Microcephaly is a rare condition in which a baby’s or child’s head is much smaller than typical for their age.
What You Need to Know
- Microcephaly is defined by head circumference, a measurement taken by a pediatrician during health care visits.
- Microcephaly is rare in the United States, affecting only one of 800 to 5,000 babies and children.
- It occurs most often as a result of the brain failing to grow at a normal rate, either before birth or during early infancy or childhood.
- Surgery can address microcephaly that is caused by craniosynostosis.
What is microcephaly?
Microcephaly is a condition in which a baby’s head is much smaller than expected for the baby’s age. This could be due to the brain not developing properly either during pregnancy or after birth up to the first few years of life.
Microcephaly is a rare condition that can be a symptom of several disorders. It affects only one out of every 800 to 5,000 babies and children in the U.S.
Children with microcephaly generally have differing degrees of intellectual disability, though a small percentage will not experience any developmental delays. Children with this condition may also have delayed speech and motor functions, dwarfism or short stature, vision and hearing deficiencies, and/or other problems associated with neurological abnormalities.
Not every child or adult with a smaller-than-average head meets the measurement criteria for microcephaly.
Types of Microcephaly
Congenital microcephaly is present at birth or seen on a sonogram within 36 weeks of pregnancy.
Postnatal microcephaly develops after birth, when the head does not grow at an expected rate. This type, also called secondary microcephaly, can be caused by damage to a child’s brain.
Isolated microcephaly is when a small head and brain size are the only signs.
Syndromic microcephaly is small head and brain size associated with one of many genetic syndromes that can include other symptoms.
Symptoms of microcephaly include:
- A small head
- A small brain
Depending on the cause, children with microcephaly generally have differing degrees of intellectual ability, though a small percentage of children diagnosed with microcephaly will not experience any developmental delays.
More severe microcephaly is linked to more serious associated problems, which can be permanent. The problems include:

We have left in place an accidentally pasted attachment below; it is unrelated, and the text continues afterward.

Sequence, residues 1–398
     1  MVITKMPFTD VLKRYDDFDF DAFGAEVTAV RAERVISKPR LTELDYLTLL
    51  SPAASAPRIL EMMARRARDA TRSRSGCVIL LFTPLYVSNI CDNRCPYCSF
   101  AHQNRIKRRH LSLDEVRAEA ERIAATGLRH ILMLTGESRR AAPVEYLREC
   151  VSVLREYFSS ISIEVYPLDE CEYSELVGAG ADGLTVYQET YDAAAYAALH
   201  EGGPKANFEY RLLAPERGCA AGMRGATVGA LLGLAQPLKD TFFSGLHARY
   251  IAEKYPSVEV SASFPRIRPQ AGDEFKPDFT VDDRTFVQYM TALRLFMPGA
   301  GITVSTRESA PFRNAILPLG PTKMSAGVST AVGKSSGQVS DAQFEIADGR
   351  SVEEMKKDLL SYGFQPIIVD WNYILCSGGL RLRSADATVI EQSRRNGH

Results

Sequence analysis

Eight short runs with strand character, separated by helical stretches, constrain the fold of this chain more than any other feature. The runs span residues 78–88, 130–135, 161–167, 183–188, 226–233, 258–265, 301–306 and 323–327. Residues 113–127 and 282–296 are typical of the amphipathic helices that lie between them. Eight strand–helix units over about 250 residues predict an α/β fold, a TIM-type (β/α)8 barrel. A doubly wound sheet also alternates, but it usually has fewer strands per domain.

- Delayed speech
- Decreased ability to learn
- Difficulty with movement and balance
- Problems with feeding, eating and swallowing
- Metabolic disorders
- Dwarfism or short stature
- Vision and hearing problems
- Neurological abnormalities such as neural tube defects
Fetal ultrasound can assess the head size of a growing fetus and detect microcephaly in the second trimester of pregnancy.
When the baby is born, a measurement of head size — occipital frontal circumference (OFC) — can diagnose microcephaly. A health care practitioner uses a flexible tape to measure the child’s head over the ridge of the eyebrows and around the back of the skull. A calculator helps determine if the child’s OFC is in a range that indicates borderline, moderate or severe microcephaly.
The child’s health care practitioner may examine the head and fontanelles (gaps between the plates of a baby’s skull) for signs of craniosynostosis — the premature closure of one or more joint between the bones of the skull before brain growth is complete.
If the child’s OFC measurement meets the definition of microcephaly, other tests such as a physical exam or MRI can examine the brain and identify other problems that could indicate a genetic syndrome or other cause.
What causes microcephaly?
Often, the reason is unknown: In about 41% of subjects in a study of 680 children with microcephaly, the cause could not be determined.
Some instances of microcephaly are caused by damage to the brain either in a developing fetus or in an infant or child, due to the following.
- Genetic abnormalities and genetic syndromes
- Brain injury before birth due to maternal:
- Lack of blood flow
- Stroke or hemorrhage
- Complications during labor and delivery
- Severe malnutrition after birth
Treatment of Microcephaly
Babies with microcephaly due to craniosynostosis may be able to be treated with surgery and helmet therapy to re-shape the skull and allow room for brain development. However, microcephaly due to other causes is a lifelong condition.
Mild microcephalic conditions may not require special treatment. If the only concern is a smaller than expected head size, the child’s health practitioner may keep track of head measurements to assess brain and skull development as the child grows.
Children born with moderate or severe microcephaly who develop symptoms may benefit from physical therapy and other early interventions that can address problems and maximize motor and brain development. Motor and learning challenges may be permanent. Medications may address seizures or other symptoms.